A few weeks ago, I was privileged to attend a screening of “12th & Delaware,” a new documentary that screened to critical acclaim at Sundance and debuts tonight on HBO at 9 p.m. (EST). The film examines the fight over reproductive rights in the United States though the lens of an abortion clinic and a so-called “crisis pregnancy center,” which are located across the street from one another in Fort Pierce, Florida. The abortion clinic, which is constantly picketed by protesters, operates under high security and the doctor is driven to and from work every day with a blanket over his head. Meanwhile, the Pregnancy Care Center is run by anti-choicers who purposefully named their business to sound like an abortion clinic and purposefully opened up shop near an abortion clinic to confuse women seeking to end a pregnancy. The Center owns an ultrasound, but there are no actual doctors on premises and certainly no abortions occur there. The Center’s employees offer moms-to-be stuffed animals, baby clothes and even money — anything to encourage them not to abort. You can read more about “crisis pregnancy centers” on the National Abortion Federation’s website.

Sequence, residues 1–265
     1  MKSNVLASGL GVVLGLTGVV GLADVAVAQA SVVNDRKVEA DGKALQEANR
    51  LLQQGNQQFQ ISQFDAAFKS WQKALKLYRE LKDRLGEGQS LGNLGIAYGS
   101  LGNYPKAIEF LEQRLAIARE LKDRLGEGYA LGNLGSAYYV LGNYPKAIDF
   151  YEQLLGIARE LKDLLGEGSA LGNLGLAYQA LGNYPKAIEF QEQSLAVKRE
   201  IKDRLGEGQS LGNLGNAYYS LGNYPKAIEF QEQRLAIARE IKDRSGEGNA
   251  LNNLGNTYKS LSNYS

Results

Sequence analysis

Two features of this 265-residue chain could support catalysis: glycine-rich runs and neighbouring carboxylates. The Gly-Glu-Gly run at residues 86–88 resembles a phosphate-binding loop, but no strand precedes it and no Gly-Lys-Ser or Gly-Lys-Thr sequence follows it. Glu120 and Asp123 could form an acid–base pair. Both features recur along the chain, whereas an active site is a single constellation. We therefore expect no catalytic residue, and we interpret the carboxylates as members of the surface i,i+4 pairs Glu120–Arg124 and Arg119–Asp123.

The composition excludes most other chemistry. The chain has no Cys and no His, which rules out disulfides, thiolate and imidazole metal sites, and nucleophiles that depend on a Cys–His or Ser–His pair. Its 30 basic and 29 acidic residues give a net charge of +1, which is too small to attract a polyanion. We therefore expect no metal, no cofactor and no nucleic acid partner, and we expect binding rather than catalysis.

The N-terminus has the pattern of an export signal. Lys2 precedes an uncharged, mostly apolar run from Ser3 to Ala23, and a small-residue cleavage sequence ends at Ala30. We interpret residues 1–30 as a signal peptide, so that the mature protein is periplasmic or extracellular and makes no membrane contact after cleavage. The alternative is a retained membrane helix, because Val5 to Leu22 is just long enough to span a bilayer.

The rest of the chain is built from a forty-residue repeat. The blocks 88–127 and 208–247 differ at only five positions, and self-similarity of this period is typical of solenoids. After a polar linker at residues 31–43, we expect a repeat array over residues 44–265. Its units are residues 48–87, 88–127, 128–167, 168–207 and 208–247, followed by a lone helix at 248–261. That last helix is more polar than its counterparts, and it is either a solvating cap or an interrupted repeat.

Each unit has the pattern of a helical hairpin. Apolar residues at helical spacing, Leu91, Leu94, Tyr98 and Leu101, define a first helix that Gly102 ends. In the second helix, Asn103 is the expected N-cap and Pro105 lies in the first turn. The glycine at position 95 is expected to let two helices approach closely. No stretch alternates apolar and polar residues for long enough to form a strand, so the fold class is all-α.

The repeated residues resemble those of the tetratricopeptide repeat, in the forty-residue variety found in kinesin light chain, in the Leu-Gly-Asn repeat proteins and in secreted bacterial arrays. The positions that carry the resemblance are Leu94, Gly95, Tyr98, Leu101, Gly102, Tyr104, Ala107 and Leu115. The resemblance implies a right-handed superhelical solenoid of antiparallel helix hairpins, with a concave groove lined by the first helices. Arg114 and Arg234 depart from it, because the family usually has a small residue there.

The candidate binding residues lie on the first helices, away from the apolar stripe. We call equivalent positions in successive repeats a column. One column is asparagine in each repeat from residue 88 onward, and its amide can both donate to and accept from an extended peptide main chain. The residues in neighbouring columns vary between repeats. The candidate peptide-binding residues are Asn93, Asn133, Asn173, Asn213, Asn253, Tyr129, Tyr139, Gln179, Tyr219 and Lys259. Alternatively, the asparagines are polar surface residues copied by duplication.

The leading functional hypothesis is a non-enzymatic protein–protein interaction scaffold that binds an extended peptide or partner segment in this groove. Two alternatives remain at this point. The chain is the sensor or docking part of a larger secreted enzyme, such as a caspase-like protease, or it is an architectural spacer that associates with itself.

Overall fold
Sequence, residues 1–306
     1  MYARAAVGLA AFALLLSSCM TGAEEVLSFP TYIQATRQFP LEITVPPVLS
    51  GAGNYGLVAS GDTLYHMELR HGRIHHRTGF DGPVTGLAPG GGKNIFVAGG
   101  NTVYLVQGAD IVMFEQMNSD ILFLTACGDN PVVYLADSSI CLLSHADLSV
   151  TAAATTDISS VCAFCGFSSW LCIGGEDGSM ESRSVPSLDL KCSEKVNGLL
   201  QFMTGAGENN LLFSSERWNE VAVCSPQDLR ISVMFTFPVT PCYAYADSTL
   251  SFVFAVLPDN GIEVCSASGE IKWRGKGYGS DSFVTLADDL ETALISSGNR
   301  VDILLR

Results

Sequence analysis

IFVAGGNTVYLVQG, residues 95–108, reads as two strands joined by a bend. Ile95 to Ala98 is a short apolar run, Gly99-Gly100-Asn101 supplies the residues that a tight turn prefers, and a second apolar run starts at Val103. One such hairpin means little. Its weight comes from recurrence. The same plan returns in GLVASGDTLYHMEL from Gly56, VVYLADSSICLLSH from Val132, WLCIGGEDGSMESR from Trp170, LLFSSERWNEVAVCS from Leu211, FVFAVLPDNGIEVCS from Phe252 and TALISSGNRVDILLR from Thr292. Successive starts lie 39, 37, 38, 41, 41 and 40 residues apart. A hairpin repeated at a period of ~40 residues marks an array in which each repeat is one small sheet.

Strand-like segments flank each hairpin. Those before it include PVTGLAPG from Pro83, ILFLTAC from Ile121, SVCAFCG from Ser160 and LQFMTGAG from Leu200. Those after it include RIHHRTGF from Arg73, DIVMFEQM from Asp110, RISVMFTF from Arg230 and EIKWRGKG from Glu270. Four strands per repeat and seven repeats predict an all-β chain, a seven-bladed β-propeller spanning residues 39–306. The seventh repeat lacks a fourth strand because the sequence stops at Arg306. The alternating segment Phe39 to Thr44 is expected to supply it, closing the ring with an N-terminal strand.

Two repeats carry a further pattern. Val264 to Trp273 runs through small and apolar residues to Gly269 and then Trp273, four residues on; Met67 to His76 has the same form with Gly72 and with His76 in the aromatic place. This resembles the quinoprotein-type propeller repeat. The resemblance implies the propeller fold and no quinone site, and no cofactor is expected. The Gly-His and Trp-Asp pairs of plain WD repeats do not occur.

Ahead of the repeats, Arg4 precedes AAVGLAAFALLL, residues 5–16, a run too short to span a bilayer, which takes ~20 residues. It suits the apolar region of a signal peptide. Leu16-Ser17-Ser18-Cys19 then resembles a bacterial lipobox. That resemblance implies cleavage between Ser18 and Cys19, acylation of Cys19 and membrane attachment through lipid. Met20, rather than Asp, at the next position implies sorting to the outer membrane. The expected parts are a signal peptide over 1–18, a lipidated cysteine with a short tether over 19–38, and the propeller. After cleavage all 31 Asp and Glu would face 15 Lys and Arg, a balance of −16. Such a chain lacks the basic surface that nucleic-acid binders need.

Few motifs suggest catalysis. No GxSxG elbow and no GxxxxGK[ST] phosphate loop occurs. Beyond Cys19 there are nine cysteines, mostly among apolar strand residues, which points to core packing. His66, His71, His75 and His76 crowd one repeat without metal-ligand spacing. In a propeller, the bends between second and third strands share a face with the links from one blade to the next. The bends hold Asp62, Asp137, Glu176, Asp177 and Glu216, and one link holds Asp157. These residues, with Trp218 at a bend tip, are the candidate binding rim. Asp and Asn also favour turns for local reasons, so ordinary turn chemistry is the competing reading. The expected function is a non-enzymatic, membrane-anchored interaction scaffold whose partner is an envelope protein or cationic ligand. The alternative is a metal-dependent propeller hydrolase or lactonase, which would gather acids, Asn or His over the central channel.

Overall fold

The brilliance of filmmakers Heidi Ewing and Rachel Grady (Oscar nominees for their documentary “Jesus Camp”) is that they are completely silent in their own film. Unlike Michael Moore documentaries, for example, Ewing and Grady don’t narrate; they let their subjects speak for themselves. If, like me, you don’t have a stomach for people who mislead women, you’ll find “12th & Delaware” fascinating — but hard to bear. [HBO]